To me, the internet is the best invention since someone slapped a piece of cheese on a slice of bread, stood too close to the fire and subsequently discovered grilled cheese sandwiches. But the World Wide Web has the potential to get MUCH better when the average internet user actively participates in adding content to the web and validating what’s already there. Now I’m not talking about revising your My Space profile or updating the viagra offers on your website but instead taking part in some of the voluntary online projects or web services that are trying to “evolve the web” and make sense of what’s already out there. You only need donate a couple of hours a week which in itself would make all the difference. Here’s a snapshot of what you can get started with :
1. Install the Stumbleupon toolbar and improve search engine results – I wrote about this in a piece for Google Tutor. Stumbleupon users now have the ability to have their search engine results rated, filtered and commented on by other Stumbleupon users. By switching on the relevant SU toolbar option, your search results in Google and Yahoo will now have SU rankings next to them. Non-SU users will not see this information so this is as good a reason as any to install the SU toolbar.
By having your search engine results filtered and rated, you’re immediately being directed to the quality content and the crud goes to the bottom. So instead of an anonymous Googlebot deciding what you should be looking at, let real living people with real interests help you to decide. User input may just be the next stage of search engine evolution and by ranking websites through Stumbleupon, you are helping to improve the search engine results for others – and they are doing the same for you. Nice eh?
2. Project Gutenberg – I am a voluntary proofreader for Project Gutenberg and I got started on it after reading Fahrenheit 451. It scares me that one day people perhaps won’t remember luminaries such as Shakespeare or Steinbeck. So I went to the Project Gutenberg site and signed up. PG basically scans all the public domain / copyright expired books and then turns them into text files / HTML files with the help of an army of part-time voluntary proofreaders. If you want to read one of the finished books, you can download it for free. The theory behind PG is that if there is at least one copy of every book ever written being stored on the PG server then that book and the author that wrote it will never be forgotten. Rest in peace Mr Shakespeare.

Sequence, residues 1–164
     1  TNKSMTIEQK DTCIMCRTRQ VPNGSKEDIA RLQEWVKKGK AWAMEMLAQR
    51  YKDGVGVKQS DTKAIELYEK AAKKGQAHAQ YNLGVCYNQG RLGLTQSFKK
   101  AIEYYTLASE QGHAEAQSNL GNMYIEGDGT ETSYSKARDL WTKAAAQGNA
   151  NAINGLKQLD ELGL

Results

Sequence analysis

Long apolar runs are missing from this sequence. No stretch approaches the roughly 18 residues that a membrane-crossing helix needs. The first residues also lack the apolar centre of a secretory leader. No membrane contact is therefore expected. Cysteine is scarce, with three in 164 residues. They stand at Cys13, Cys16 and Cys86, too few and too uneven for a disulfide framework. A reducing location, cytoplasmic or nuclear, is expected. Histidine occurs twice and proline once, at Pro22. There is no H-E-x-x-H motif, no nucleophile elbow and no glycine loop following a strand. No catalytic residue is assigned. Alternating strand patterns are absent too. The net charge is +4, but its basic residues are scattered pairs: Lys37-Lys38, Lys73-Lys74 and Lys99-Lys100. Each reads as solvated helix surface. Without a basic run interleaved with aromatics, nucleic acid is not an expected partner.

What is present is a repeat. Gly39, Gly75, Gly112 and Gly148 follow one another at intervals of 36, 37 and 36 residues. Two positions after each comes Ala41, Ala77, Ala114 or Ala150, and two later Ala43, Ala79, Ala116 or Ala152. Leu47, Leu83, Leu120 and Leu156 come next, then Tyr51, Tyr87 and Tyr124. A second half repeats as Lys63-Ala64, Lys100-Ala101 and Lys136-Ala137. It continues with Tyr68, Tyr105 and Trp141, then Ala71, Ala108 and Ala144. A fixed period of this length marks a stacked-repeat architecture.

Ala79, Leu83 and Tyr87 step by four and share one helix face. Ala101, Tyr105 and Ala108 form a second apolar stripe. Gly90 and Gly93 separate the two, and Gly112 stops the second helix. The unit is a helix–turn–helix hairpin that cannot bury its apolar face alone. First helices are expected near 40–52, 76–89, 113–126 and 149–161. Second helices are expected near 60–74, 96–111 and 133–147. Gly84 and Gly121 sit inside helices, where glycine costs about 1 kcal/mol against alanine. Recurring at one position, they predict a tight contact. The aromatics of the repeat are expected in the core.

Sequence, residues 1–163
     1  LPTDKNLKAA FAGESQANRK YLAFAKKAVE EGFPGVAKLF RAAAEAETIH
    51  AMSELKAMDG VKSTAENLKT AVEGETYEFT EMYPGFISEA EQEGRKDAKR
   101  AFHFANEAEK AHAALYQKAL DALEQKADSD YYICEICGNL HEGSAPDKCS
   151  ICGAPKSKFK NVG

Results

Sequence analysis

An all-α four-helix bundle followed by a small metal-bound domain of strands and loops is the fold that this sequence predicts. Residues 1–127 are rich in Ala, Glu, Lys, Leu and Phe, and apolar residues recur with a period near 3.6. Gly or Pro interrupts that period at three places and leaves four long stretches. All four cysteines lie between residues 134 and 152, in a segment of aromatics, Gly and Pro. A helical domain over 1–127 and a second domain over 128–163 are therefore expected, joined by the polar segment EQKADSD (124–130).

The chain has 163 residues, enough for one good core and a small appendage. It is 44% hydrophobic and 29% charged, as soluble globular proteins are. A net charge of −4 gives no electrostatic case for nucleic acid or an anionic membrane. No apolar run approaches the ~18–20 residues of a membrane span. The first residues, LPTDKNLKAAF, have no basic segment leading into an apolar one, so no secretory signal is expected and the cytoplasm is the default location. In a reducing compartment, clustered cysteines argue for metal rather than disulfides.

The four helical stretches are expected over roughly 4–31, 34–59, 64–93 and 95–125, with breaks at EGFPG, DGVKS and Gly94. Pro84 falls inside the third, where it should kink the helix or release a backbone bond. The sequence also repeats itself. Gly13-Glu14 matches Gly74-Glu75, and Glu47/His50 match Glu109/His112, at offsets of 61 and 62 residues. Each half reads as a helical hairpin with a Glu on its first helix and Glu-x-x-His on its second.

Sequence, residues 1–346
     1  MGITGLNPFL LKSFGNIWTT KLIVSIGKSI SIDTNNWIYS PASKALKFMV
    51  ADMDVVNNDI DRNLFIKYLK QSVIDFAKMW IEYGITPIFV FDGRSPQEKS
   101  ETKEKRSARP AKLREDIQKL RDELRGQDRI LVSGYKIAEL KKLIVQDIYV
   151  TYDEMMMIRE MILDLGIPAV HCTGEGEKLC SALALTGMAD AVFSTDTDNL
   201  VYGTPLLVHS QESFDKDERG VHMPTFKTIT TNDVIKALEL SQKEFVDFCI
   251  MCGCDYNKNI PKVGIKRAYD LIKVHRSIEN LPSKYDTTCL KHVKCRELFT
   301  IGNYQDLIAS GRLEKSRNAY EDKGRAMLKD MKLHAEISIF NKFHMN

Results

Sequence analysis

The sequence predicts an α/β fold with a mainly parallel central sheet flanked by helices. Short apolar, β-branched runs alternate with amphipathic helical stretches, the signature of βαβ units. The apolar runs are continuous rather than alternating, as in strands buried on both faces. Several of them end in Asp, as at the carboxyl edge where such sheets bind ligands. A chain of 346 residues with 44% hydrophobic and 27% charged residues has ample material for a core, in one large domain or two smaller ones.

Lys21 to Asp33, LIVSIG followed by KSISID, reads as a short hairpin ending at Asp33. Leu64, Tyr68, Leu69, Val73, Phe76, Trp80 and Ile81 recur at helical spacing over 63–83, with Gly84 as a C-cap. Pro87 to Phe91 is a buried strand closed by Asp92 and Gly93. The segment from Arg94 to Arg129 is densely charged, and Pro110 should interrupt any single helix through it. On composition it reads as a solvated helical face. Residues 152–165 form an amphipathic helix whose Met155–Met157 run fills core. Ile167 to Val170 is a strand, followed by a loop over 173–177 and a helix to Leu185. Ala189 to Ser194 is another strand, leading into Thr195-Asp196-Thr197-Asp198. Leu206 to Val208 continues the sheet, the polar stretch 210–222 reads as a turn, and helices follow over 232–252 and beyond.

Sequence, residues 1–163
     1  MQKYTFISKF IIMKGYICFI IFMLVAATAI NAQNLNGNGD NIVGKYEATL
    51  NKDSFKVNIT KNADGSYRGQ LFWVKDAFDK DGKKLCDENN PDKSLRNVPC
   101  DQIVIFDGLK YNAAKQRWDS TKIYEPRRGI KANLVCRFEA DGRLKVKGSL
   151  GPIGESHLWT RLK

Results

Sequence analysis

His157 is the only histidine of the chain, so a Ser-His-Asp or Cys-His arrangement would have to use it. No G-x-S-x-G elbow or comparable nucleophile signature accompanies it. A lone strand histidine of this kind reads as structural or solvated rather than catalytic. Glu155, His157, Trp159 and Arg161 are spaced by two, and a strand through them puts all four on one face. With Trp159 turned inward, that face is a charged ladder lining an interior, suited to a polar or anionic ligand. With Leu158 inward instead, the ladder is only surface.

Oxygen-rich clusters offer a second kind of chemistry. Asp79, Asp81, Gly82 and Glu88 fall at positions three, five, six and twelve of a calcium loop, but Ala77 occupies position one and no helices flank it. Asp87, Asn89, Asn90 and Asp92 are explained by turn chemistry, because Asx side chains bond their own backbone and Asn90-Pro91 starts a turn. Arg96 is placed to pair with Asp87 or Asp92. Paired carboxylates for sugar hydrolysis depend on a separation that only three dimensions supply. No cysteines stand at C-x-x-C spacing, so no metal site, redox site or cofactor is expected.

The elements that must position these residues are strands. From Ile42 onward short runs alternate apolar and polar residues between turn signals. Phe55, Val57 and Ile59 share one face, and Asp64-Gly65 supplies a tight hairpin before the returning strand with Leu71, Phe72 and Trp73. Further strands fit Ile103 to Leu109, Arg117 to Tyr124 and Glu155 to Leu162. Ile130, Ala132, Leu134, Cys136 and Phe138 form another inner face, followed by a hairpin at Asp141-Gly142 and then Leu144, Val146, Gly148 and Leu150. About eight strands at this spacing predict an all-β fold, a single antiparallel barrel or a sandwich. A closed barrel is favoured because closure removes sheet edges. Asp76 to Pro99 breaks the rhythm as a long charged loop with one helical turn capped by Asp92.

3. Librivox – I consider Librivox to be the audio equivalent of Project Gutenberg. They take all the public domain / copyright expired books but instead of scanning them into text, they read them as audio books instead. Then you just download the MP3 files if you want to listen. I took part in making the audio book of War and Peace which was a mammoth undertaking (never let anyone convince you that recording an audio book is easy). But the satisfaction at the end was well worth it. Just sign up, download Audacity, get a headset with a microphone and you’re good to go. The quality varies depending on which reader you listen to. Just don’t burp during a reading of Sense and Sensibility OK?
4. Wikipedia – I have never personally seen a voluntary online project cause so many sharply divided opinions as Wikipedia. You either love it or you hate it. There’s no middle ground in this never-ending argument. The supporters say it allows everyone to contribute their knowledge for the benefit of others. Its detractors say it is highly inaccurate and schools have even banned their students from using it. Where do you stand? I personally love the site and if you have any specialist knowledge, why not make an account and start writing / editing? Just be prepared to have your facts challenged by others. But isn’t having a debate half the fun?
5. Digg & Del.icio.us – I hesitated for quite some time before finally adding Digg to this list but in the end, I figured they warranted a mention. I debated because I am not sure how Digg really contributes to the overall improvement of the internet. However saying that, Digg does give users the chance to vote sites and stories up and down, along with commenting on them (even though some of the comments can be no better than immature bickering). So that definately counts as user generated web content. Del.icio.us counts in the end because it is rapidly becoming a search engine in its own right and instead of a bot deciding the entries, human users are deciding instead. I often find better results on Del.icio.us than I do on other search engines.
Do you know of any more examples of user-generated content on the web?